So there are a lot of us on this journey and it's becoming funny and interesting and there are lots of things to laugh about and share....just like any other group tiyul (trip), we are developing our own issues, our own quirks, and our own jokes...(and of course, annoyances!). We count off regularly, so we can keep track of everyone (this will become problematic when you read the next posting, so stay tuned!), and we are always trying to figure out how to deal with the combination of Reform, Conservative, and Orthodox ways of doing things. There are only six women rabbis on this journey (four Reform and two Conservative) and this also makes things interesting...in previous years there have been as few as one woman!!! We are sorting ourselves out as we do this, so it's a work in progress, but I am still impressed that we are all here together. We ride around on busses with tour guides, but Rabbi Yehiel Poupko of the JUF is also our teacher, and he provides us with text and with context for the sites and things that we seeing, as well as a huge dose of history. We have a candy bag on the bus and it gets a lot of use right after meals when we didn't really get anythign good to eat. I suppsoe this is the perspective of a vegetarian in a place where they don't really seem to know what that is. Thank goodness for Skippy in a tube. Oh, and Natural Ovens cookies, which I brought along. My recommednation if you travel to Russia: bring snacks.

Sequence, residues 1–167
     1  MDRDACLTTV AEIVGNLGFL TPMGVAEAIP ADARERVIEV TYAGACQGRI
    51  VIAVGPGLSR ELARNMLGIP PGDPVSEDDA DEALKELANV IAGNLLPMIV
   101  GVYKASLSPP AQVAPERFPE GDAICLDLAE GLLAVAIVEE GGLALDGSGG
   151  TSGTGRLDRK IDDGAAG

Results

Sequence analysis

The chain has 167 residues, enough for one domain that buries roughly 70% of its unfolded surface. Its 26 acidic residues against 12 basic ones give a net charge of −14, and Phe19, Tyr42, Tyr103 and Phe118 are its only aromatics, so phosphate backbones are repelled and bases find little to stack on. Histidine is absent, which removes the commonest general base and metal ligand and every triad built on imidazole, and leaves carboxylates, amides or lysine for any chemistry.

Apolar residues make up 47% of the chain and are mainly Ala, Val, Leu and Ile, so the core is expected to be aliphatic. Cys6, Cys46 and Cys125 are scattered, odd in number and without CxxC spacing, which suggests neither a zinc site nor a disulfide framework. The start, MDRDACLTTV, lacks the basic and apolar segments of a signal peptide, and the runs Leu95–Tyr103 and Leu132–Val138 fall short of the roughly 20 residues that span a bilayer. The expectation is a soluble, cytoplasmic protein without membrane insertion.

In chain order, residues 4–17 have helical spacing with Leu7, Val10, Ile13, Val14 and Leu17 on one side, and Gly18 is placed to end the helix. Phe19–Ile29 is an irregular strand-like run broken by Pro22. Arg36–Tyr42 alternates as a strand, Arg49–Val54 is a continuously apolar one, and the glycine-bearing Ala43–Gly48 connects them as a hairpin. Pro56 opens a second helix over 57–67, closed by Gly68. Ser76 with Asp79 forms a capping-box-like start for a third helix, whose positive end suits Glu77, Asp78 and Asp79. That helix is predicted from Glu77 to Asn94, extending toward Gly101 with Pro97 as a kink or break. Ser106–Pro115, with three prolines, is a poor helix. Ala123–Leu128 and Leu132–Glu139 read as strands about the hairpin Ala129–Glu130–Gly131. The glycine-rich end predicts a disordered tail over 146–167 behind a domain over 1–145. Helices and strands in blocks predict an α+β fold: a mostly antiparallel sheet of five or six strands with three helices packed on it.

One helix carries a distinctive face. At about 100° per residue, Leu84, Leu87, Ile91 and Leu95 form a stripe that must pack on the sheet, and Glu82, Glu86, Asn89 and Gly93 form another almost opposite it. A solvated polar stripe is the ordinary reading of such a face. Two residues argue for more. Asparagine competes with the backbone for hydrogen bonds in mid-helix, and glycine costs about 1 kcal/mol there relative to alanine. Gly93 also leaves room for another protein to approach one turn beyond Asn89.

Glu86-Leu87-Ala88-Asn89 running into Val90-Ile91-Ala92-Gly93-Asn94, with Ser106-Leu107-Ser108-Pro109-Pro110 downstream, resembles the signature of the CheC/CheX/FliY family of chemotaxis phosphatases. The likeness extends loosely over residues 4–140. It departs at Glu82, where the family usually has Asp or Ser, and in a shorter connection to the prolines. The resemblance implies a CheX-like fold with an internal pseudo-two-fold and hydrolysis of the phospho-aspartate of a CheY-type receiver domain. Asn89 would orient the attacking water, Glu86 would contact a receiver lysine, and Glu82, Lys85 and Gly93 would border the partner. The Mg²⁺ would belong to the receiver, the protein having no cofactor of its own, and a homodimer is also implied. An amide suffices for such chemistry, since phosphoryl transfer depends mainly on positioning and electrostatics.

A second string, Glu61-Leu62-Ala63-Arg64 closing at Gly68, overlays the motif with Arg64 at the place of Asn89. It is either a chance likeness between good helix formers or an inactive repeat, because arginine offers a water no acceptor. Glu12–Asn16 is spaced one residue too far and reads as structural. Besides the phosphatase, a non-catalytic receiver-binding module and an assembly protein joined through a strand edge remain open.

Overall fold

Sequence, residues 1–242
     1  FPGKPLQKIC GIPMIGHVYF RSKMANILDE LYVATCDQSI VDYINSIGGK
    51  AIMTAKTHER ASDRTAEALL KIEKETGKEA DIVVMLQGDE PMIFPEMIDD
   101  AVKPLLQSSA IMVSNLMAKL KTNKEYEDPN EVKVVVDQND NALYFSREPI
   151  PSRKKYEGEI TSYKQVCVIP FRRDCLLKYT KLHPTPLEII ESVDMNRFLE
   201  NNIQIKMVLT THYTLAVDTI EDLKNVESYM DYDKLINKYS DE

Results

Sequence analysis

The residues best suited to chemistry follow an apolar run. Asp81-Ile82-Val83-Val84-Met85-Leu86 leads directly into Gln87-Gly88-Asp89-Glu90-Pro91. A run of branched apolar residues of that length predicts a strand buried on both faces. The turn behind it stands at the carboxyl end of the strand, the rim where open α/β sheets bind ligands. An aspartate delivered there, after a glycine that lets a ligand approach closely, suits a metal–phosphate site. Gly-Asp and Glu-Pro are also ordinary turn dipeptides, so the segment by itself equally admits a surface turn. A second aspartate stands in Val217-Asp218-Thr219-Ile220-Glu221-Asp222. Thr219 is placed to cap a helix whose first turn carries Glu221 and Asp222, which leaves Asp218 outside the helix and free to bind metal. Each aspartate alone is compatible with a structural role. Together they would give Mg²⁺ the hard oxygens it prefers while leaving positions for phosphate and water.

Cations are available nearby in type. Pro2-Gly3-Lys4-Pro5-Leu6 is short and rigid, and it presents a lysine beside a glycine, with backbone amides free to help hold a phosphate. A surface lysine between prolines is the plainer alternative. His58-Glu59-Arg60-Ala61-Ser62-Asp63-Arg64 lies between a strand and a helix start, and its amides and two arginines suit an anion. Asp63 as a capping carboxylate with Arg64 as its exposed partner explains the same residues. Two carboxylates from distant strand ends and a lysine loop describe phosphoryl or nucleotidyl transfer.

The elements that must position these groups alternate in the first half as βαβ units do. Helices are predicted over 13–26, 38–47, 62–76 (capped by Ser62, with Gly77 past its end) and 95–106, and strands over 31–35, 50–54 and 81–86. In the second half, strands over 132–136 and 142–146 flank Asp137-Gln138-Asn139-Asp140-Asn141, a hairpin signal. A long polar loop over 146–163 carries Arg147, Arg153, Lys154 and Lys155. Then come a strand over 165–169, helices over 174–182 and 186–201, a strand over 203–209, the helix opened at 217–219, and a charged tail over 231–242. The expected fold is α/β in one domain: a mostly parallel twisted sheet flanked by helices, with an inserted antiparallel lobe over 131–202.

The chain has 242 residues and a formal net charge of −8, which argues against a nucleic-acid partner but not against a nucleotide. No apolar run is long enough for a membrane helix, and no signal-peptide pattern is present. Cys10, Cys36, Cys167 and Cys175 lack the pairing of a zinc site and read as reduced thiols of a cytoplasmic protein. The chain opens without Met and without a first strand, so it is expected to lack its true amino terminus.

And a warm coat. And a hat. And boots. And mittens. Geez, it's cold here.